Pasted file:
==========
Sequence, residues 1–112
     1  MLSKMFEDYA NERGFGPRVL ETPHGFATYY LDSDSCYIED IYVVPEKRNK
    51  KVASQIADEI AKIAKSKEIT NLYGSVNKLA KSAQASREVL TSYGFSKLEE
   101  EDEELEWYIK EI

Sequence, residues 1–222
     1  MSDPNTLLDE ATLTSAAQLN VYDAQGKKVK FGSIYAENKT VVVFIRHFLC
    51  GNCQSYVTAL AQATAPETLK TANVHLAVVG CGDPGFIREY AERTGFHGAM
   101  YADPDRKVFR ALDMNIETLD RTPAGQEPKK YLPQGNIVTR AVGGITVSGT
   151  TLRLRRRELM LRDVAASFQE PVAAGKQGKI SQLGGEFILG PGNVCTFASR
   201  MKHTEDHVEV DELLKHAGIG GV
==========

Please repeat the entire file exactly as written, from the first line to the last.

Sequence, residues 1–112
     1  MLSKMFEDYA NERGFGPRVL ETPHGFATYY LDSDSCYIED IYVVPEKRNK
    51  KVASQIADEI AKIAKSKEIT NLYGSVNKLA KSAQASREVL TSYGFSKLEE
   101  EDEELEWYIK EI

Sequence, residues 1–222
     1  MSDPNTLLDE ATLTSAAQLN VYDAQGKKVK FGSIYAENKT VVVFIRHFLC
    51  GNCQSYVTAL AQATAPETLK TANVHLAVVG CGDPGFIREY AERTGFHGAM
   101  YADPDRKVFR ALDMNIETLD RTPAGQEPKK YLPQGNIVTR AVGGITVSGT
   151  TLRLRRRELM LRDVAASFQE PVAAGKQGKI SQLGGEFILG PGNVCTFASR
   201  MKHTEDHVEV DELLKHAGIG GV